1. ## limits

lim ( 1 + 3/x) ^(.2x)
x->infinity

i have no idea how to solve this limit, if someone could point me in the right direction, that would be great. thanks!

2. Put $x\mapsto\frac1x$ and the limit becomes $\lim_{x\to0}\left( 1+3x \right)^{2/x},$ hence

$\left( 1+3x \right)^{2/x}=\exp \left( \frac{2}{x}\cdot \ln (1+3x) \right)=\exp \left( 6\cdot \frac{\ln (1+3x)}{3x} \right)\to e^{6}$ as $x\to0.$

3. thanks! okay this makes sense to me, but why did you have to substitute 1/x for x?

4. Hello,
Originally Posted by sarabolha
lim ( 1 + 3/x) ^(.2x)
x->infinity

i have no idea how to solve this limit, if someone could point me in the right direction, that would be great. thanks!
You can note that :
$\lim_{x \to \infty} \left(1+\frac ax\right)^x=e^a$ (it is provable by a simple substitution and using $\left(1+\frac 1x\right)^x \to e$

Now, $a^{bc}=(a^b)^c$

So $\left(1+\frac 3x\right)^{0.2 \cdot x}=\left(\left(1+\tfrac 3x\right)^x\right)^{0.2} \to (e^3)^{0.2}=e^{0.6}$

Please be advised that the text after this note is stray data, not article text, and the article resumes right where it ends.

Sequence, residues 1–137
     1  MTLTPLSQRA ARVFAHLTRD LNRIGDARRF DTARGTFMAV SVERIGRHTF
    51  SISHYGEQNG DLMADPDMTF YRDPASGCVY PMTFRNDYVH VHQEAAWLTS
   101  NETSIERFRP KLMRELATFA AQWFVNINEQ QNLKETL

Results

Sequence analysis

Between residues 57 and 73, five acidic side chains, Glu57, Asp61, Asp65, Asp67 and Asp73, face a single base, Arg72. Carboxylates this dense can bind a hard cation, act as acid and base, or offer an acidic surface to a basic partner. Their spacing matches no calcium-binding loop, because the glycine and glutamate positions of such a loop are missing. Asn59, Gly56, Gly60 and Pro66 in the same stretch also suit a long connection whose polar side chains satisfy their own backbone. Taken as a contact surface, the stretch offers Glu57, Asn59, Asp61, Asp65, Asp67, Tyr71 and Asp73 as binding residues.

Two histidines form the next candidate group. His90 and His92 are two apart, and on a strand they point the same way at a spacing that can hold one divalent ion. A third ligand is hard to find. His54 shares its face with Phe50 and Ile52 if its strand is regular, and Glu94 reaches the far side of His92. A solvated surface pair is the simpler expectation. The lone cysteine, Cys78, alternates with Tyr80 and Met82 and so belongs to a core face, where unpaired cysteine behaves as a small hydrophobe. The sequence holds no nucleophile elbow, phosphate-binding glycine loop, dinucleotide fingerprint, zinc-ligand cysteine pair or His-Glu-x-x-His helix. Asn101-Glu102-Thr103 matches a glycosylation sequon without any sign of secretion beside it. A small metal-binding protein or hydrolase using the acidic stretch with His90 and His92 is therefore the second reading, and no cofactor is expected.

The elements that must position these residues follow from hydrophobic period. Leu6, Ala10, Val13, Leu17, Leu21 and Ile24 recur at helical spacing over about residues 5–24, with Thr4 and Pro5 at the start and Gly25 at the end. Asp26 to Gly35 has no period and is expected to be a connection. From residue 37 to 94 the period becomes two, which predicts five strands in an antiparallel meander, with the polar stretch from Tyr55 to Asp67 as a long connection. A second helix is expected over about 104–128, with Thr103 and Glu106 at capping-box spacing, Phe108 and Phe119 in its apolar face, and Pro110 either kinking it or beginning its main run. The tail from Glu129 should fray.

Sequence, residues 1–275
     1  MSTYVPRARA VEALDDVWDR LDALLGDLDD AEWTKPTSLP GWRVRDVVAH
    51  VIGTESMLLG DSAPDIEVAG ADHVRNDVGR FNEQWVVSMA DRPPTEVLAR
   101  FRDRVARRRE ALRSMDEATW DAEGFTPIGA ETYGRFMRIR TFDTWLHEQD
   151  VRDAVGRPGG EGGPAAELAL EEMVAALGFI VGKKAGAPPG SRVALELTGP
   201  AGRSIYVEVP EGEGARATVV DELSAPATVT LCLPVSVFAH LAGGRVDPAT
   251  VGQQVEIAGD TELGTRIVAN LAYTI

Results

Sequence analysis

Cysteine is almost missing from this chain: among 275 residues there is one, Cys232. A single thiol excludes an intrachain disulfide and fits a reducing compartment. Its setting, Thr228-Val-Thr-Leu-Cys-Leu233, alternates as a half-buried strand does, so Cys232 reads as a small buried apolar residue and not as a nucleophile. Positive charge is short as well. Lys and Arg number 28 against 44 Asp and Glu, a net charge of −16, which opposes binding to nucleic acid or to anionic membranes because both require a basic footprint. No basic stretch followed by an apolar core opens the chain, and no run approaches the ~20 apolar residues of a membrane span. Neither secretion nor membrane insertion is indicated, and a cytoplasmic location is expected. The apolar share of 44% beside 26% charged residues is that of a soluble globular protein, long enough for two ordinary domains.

5. Originally Posted by sarabolha
lim ( 1 + 3/x) ^(.2x)
x->infinity

i have no idea how to solve this limit, if someone could point me in the right direction, that would be great. thanks!
Exactly as the others did except with a little more working

$\lim_{x\to\infty}\left(1+\frac{a}{x}\right)^{bx}$

If we let $x=\frac{1}{z}$ this limit becomes

$\lim_{z\to{0}}\left(1+az\right)^{\frac{b}{z}}$

Now assuming the limit exists and equals L we have that

$\ln\left(L\right)=\lim_{z\to{0}}\ln\left(\left(1+a z\right)^{\frac{b}{z}}\right)=b\lim_{z\to{0}}\frac {\ln(1+az)}{z}$

Now remember what we know about derivatives $f'(c)=\lim_{x\to{c}}\frac{f(x)-f(c)}{x-c}$

So in our integral we have that $c=0$ and $f(x)=\ln(1+ax)\Rigtharrow{f(0)=\ln(1+0)=0$

So we have that

$\lim_{z\to{0}}\frac{\ln(1+az)}{z}=\lim_{z\to{0}}\f rac{\ln(1+az)-\ln(1+a(0))}{z-0}=\bigg[\ln(1+az)\bigg]'\bigg|_{z=0}=\frac{a}{1+a(0)}=a$

$\therefore\ln\left(L\right)=b\lim_{z\to{0}}\frac{\ ln(1+az)}{z}=ba\Rightarrow{L=e^{ab}}$

Just like the others said

6. Originally Posted by sarabolha

thanks! okay this makes sense to me, but why did you have to substitute 1/x for x?
It's like putting $z=\frac1x,$ there's no difference between $\lim_{x\to0}x$ and $\lim_{z\to0}z,$ both achieve to the same value.